"Roman Macaroni. Out of fine flour make a dough that is a little larger than for lasagna, and wrap it around a stick, and cut the dough the dough the width of a finger so that it stays like a ribbon; set it to cook in good broth or in some other liquid depending on the season; let the liquid boil first with a little salt before putting the macaroni in it; and if they are cooking in water, add a little fresh butter to it."


For my interpretation, I used boxed pasta because honestly, I have two small kids and a house to maintain. I was planning on asking The Hubsters to make pasta from scratch for this, but alas work intervened once again and De Cecco had to step in and man up in the pasta department. I also used both butter and olive oil. And then tossed it with some freshly chopped garlic, a small sprig of rosemary, and finely ground Parmesan-Romano and shaved Parmesan.

Here is my adapted recipe:

Macaroni Romano In The Style of Medieval Italy
1/2 lb dried pasta -- your choice
2 Tbsp kosher salt
1/4 cup good quality extra virgin olive oil
2 Tbsp good butter
1 clove garlic, minced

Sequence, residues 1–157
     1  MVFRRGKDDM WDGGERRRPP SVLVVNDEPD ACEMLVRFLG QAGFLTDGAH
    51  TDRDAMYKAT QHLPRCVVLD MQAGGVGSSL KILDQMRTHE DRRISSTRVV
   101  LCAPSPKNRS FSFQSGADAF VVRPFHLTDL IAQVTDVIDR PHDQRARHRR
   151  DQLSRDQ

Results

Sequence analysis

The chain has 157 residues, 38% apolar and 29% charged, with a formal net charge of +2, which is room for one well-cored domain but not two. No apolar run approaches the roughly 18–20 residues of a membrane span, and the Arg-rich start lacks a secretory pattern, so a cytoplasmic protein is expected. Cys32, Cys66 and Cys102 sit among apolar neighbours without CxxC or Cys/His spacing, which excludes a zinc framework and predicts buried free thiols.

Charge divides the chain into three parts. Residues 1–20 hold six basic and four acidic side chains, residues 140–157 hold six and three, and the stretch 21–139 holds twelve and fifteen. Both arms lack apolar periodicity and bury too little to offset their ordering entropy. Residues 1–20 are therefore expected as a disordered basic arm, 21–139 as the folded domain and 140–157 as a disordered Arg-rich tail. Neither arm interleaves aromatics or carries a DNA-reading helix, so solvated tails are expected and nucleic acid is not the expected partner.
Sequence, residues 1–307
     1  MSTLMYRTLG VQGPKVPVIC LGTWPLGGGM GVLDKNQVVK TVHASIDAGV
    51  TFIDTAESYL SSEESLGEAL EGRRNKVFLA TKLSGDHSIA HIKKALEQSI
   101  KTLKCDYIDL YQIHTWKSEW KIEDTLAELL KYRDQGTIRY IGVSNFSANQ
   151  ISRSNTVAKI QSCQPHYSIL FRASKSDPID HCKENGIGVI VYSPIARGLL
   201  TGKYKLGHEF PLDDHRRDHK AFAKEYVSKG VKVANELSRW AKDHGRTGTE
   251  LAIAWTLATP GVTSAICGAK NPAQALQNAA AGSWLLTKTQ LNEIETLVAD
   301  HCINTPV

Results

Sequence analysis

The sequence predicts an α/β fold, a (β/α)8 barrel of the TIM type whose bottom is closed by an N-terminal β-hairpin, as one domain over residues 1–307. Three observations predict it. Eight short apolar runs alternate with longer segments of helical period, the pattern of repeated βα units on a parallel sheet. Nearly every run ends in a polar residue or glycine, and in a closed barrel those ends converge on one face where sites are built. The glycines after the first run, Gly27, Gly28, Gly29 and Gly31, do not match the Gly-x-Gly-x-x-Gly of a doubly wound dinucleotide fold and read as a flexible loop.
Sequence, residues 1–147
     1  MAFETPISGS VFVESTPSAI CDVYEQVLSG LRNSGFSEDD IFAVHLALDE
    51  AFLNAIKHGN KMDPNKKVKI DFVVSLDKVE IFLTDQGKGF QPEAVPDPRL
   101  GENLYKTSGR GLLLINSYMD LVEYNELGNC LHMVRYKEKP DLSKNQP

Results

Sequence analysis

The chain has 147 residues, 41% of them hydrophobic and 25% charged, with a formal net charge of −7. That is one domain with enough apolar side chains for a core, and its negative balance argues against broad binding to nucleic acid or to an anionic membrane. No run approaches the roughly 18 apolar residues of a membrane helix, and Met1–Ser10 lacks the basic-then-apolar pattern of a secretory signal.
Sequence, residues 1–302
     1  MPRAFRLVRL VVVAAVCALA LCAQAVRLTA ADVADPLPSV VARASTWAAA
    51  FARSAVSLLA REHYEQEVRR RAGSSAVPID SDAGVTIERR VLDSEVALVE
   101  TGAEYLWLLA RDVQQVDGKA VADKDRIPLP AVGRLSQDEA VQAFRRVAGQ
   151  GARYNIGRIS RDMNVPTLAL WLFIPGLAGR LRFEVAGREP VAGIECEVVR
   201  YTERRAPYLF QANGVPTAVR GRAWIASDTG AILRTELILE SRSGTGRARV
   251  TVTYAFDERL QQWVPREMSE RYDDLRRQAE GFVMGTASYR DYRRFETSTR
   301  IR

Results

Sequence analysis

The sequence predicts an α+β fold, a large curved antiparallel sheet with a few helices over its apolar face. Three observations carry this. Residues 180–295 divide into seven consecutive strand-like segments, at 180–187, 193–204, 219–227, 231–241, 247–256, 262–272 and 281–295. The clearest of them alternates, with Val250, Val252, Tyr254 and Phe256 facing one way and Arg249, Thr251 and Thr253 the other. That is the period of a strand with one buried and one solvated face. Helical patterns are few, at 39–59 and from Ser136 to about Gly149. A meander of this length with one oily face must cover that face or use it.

1 Tbsp fresh rosemary leaves, left whole
1/3 cup finely ground Parmesano-Romano
1/4 cup shaved Parmesan cheese

Bring a pot of water to a boil. When boiling, season the water with the salt. Add the pasta and cook to package directions. Drain pasta. In the same pot the pasta boiled in, add the oil, better, garlic, rosemary, and drained pasta and toss to coat well. Add the cheeses and serve.
Now that appetizer and main dish were consumed, it was time for dessert! Here I was most surprised. Shocked and fascinated would be more accurate actually.

When we today think Italian we think pizza, right? Well, pizza was developed in Naples. So when I found a recipe for medieval napolize pizza, I jumped at the chance. Imagine my shock when I read it: pastry crust, rose water, dates, currants, sugar, paste. Huh?? Where's the tomato? The basil? The motherfuckingcheese for crying out loud???? Oh this is a DESSERT PIZZA.